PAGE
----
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Economic Atlas Introduction

With $1.64 billion of economic output in 2017, Texas has the second largest state economy in the nation and would be ranked tenth in the world, just ahead of Canada, if Texas were a country. Texans should have timely information about and a fundamental understanding of the state’s economy and the geographic patterns of the major sectors of the economy. The interactive, cloud-based Texas Economic Atlas, the fifth work in the Texas Atlas Collection, empowers Texans to reach these essential objectives in the early decades of the 21st century.

The Texas Economic Atlas, the first of its kind, promotes evidence-based decision making through: (1) interactive visualizations, (2) a straightforward point-and-click interface for non-technical users, and (3) a cloud-based system that enables industries, businesses, government agencies, researchers, students, and the general public the ability to explore quickly a myriad of data about the Texas economy. The atlas is organized into two mapping divisions—the larger one is interactive and the other is a static set of maps with mainly linear features along with graphs and economic reports. The data span the years 2005 to 2018, and many of the interactive maps have a time slider that allows for animation of the data through the periods. Almost all of the maps are original. The maps and accompanying graphs can be exported. A User Guide accompanies the atlas as well as a Texas Economic Timeline of major economic events in the state’s history.

The interactive maps allow the visualizing and analyzing discrete data for the entire state and the ten largest cities that are not suburbs of larger cities. The data for the 418 economic indicators are from a variety of sources, including the U.S. Census Bureau, U.S. Department of Agriculture, U.S. Energy Information Administration, Federal Aviation Administration, U.S. Bureau of Ocean Energy Management, American Association of Port Authorities, Texas Workforce Commission, Texas Water Development Board, Texas Department of Transportation, Texas Railroad Commission, Texas Natural Resources Information System, Texas A&M Forestry Service, and Environmental Systems Research Institute.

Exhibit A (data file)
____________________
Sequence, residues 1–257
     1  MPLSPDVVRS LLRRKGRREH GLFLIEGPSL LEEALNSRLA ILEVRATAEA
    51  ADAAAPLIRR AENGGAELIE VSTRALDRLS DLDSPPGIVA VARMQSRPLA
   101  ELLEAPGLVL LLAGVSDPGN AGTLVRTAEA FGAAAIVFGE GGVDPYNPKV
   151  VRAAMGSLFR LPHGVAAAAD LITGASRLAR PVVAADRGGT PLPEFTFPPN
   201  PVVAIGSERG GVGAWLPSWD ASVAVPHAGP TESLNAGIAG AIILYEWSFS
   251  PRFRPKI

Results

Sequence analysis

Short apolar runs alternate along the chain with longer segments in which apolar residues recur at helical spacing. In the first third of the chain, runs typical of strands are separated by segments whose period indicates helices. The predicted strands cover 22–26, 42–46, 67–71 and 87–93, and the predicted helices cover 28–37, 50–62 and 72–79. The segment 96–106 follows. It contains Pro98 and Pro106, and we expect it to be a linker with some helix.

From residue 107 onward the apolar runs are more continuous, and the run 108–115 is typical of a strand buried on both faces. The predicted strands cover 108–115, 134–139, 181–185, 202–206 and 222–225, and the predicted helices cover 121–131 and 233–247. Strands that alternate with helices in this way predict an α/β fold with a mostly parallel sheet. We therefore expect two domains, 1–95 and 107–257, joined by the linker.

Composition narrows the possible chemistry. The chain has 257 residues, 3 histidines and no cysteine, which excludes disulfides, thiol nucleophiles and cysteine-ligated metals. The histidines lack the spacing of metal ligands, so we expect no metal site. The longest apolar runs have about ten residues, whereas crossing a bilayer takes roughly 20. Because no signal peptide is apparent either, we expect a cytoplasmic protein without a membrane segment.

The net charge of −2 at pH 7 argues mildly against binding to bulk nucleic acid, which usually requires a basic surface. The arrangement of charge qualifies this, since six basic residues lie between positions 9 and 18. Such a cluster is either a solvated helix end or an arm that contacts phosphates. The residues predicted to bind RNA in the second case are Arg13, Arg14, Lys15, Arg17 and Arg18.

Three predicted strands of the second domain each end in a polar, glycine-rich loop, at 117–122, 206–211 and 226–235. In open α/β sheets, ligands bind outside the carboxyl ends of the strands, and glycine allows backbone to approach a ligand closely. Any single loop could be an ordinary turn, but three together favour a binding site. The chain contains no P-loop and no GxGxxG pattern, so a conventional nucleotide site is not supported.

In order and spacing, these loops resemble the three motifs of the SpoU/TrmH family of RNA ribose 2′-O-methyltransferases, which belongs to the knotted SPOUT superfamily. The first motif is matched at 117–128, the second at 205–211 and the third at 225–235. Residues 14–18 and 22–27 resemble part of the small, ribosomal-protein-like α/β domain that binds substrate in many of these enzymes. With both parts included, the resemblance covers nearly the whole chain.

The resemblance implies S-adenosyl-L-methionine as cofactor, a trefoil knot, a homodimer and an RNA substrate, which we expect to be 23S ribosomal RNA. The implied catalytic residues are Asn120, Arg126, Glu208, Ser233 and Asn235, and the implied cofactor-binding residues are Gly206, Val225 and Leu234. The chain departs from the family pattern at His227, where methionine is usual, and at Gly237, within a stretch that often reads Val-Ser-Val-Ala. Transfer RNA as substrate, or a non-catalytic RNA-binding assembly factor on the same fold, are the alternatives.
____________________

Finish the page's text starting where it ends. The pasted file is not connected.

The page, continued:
The graphs in the atlas offer another way to examine selected data for 2015, while Internet links to reports about the Texas economy provide expert insights for selected years. And Internet links for the ten cities to Wikipedia offer additional information about their economies.

Powered by the StatPlanet cloud program, the atlas’ large data sets are processed through Excel spreadsheets and geographic information systems (GIS) shape files. In other words, the time-consuming work of mining extensive data sets, manipulating the data for mapping, and constructing GIS layers have been completed for the atlas users. The speed of users’ computer processors and Internet connections will affect the performance of the atlas functions.

Other than the visual associations among economic indicators and their relationships through time, the Texas Economic Atlas does not offer any explanations for the mapped data. The data, however, can be easily exported for statistical analysis via spreadsheets. The atlas is therefore a reference source for economic insights that will ideally assist Texas industries, businesses, state and city economic policymakers, researchers, university students, and the general public in thinking about geospatial relationships of the mapped indicators and related variables that may lead to constructive research questions and subsequent strategy modifications.